The common wisdom is that New York is a city built by immigrants, its spirit and populace formed by the hordes of overseas residents who have called it home since the Dutch settled here in the 17th century.
And in fact, New York was literally built by immigrants—some of the city’s most iconic residential and commercial buildings were designed by immigrant architects, who drew influence from their home countries to turn NYC into an architectural as well as cultural melting pot.
Many of the city’s earliest architects, starting in the 17th century, emigrated from overseas, but the ones tasked with the most high-profile projects typically hailed from countries like Scotland and England, and were often highly trained. Those men, including Richard Upjohn and Griffith Thomas, earned their legacies by building some of the city’s most beautiful landmarks—Trinity Church and the Astor Library (now the Public Theater), respectively.
Some trained architects from non-Anglican nations, like Vienna-born Leopold Eidlitz and German Detlef Lienau, also netted major commissions, like the original Brooklyn Academy of Music and the DeLancey Kane Estate loft building at 676 Broadway in Noho.
But untrained immigrant architects had even more of a hand in shaping how residents lived in New York, though they found visibility was much less attainable. The majority of the tenement buildings that started springing up on the Lower East Side in the 1830s were designed by German architects, and constructed by German and Jewish builders, many of whom were much like the poorer, less educated immigrants who inhabited them.
“German developers who commissioned developments on the Lower East Side would hire immigrants who weren’t very well-trained architects, but they knew how to build according to requirements of the day,” explains Andrew S. Dolkart, professor of historic preservation at the Columbia University Graduate School of Architecture, Planning and Preservation. “They were probably not that wealthy, didn’t speak English, and worked within their own communities.”
Most of these architects, and others like them, have been largely forgotten, and few records about them exist today. They include William Jose, who designed the Bowery Mission and the building on Avenue A that’s home to the Pyramid Club; William Graul, who designed a number of row houses and tenement buildings in Manhattan; Louis Berger, who ran an architectural firm in Ridgewood, Queens, and is responsible for homes in the Cooper Avenue Row House District in Glendale; and Julius Boekell, who designed the First German Baptist Church, now the Town and Village Synagogue, on East 14th Street.
“These were not famous names,” Dolkart says. “The prestigious building world was mostly the world of the elite. Immigrants were not getting the designs for prestigious institutional buildings, for the most part.” But the tenements, rowhouses, and apartment buildings that came to define how New Yorkers lived in the 19th century (and still live to this day) came from these relative unknowns.
“We owe an incredible debt to the architects who created this streetscape,” Dolkart says.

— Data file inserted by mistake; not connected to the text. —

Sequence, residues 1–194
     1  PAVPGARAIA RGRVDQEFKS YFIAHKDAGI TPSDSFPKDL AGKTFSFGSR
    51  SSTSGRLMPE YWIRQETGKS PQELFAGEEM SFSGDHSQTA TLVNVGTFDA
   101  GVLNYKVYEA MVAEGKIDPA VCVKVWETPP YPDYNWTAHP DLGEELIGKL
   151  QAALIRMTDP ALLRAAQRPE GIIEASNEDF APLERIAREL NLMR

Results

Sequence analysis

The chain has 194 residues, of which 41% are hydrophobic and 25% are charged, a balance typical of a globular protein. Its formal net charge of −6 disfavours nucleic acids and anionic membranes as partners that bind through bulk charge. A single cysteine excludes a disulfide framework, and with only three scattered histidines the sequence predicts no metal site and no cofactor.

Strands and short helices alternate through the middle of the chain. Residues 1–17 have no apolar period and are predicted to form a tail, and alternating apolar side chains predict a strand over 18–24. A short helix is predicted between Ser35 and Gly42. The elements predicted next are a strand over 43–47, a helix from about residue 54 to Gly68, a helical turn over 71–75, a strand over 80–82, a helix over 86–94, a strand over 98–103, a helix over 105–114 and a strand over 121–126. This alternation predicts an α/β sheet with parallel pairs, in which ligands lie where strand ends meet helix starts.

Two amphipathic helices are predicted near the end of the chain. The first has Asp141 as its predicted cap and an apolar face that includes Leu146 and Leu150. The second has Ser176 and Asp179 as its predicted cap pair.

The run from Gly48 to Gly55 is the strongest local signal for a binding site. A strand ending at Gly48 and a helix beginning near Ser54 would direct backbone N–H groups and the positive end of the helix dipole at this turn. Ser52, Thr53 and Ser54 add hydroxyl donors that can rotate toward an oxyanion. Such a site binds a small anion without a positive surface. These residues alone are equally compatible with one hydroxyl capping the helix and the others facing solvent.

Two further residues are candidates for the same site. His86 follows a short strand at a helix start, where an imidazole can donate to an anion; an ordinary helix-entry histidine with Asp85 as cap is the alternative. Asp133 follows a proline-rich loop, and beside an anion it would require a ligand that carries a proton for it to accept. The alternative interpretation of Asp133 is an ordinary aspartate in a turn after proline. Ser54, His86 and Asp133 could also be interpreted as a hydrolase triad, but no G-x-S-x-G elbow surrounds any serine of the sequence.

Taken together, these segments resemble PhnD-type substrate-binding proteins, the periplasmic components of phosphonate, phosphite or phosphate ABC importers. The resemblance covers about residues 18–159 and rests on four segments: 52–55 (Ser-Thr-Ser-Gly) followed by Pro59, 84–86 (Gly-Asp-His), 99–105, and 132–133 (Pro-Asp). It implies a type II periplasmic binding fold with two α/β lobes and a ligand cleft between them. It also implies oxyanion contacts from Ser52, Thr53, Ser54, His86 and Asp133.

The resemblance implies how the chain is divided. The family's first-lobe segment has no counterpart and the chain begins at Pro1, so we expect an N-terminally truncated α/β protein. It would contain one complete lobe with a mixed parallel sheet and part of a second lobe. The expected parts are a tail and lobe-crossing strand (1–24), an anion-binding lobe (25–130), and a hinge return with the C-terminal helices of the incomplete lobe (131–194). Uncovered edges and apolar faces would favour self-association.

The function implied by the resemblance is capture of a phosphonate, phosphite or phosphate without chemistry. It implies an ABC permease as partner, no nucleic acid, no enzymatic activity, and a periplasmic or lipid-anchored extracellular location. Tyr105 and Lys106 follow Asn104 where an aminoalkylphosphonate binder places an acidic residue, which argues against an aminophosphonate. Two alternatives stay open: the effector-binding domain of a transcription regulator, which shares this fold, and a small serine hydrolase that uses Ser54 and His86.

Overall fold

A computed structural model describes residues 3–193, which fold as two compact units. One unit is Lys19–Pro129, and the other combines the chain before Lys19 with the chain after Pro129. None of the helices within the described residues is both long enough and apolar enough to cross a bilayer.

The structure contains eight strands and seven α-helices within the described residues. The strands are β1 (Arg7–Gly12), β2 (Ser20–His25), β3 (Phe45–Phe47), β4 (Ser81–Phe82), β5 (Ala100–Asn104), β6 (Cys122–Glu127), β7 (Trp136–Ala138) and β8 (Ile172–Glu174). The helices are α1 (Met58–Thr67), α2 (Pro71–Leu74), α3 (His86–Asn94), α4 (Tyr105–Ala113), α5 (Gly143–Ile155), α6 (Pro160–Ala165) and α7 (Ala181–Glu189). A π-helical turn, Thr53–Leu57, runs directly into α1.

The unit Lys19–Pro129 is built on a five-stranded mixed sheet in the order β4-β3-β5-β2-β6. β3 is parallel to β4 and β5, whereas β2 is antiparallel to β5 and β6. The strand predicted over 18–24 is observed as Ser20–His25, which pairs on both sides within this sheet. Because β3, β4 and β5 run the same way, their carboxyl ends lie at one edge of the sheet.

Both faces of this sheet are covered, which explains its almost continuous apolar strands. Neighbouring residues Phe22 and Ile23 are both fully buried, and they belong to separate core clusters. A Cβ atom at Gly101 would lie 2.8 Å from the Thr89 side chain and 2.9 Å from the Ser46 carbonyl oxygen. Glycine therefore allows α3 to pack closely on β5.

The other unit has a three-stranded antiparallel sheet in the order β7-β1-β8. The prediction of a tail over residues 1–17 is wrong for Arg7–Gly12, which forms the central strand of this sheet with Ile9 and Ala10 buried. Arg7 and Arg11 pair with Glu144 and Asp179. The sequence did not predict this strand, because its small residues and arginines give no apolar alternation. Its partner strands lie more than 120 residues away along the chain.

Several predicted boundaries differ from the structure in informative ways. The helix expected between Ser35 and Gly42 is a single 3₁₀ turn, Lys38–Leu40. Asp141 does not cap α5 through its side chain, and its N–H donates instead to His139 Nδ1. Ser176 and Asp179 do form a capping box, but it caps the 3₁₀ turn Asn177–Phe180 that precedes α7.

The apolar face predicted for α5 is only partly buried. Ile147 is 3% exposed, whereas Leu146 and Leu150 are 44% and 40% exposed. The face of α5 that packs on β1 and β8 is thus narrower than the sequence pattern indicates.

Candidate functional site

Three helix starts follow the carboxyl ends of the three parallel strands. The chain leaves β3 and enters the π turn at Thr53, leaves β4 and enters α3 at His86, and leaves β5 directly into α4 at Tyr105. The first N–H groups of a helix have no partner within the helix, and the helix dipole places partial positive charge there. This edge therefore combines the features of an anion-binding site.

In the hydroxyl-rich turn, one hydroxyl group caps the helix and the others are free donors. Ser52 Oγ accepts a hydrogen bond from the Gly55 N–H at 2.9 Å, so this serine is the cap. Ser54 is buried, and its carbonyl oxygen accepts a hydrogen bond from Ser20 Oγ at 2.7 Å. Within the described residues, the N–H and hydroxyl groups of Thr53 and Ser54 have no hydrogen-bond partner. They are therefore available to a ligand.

By the beginning of the 20th century, a few immigrant architects managed not only to break through, but also to become some of the biggest players in Manhattan’s residential development scene. Like so many others who came to New York in the 19th and 20th centuries, they were drawn by the city’s promise of opportunity. “New York is a city like London: It’s very open and it looks to immigrant talent,” says Donald Albrecht, the Museum of the City of New York’s curator of architecture and design. “People who live here are immigrants. But also, those people rise up through the ranks.”
One such rank-riser was Gaetan Ajello, who was born in Palermo, Sicily, and immigrated to New York in 1902. About eight years after he arrived, Ajello made a name for himself when he designed four buildings for developer Bernard Crystal in upper Manhattan. All four—452 Riverside Drive, 25 Claremont Avenue, and Eton and Rugby Hall at 29-35 Claremont Avenue—were done in a style akin to the early Italian Renaissance, boasting arched windows, ornate moldings, and limestone and terra-cotta facades.
That quartet earned him enough cred with the city’s real estate bigwigs that he scored development deals with the Paterno family, who were some of the most influential builders in New York at the time. Like Ajello, the Paternos had emigrated from Italy—Naples, to be exact—and though patriarch John died in 1899, his sons Joseph, Charles, Michael, and Anthony were responsible for building a huge swath of apartments on the Upper West Side and in Morningside Heights, starting from the end of the 19th century to the mid-1940s.
Ajello ended up designing dozens of Upper West Side apartment buildings for both the Paternos and Anthony Campagna, another influential Italian developer. Like the buildings Ajello designed for Bernard Crystal, his works for the Paternos—which included 575 West End Avenue, 905 West End Avenue, the Luxor at 600 West 115th Street, and the Rexor, near 115th and Broadway—were inspired by early Italian Renaissance architecture and incorporated marble and terra cotta, grand staircases, and other splashy design elements.
Ajello completed his last building in the mid-1920s, but not before he gave a fellow Sicilian-born architect his first job. That architect was Rosario Candela, whose prewar Upper East and West Side apartment buildings are still among the most coveted in the city.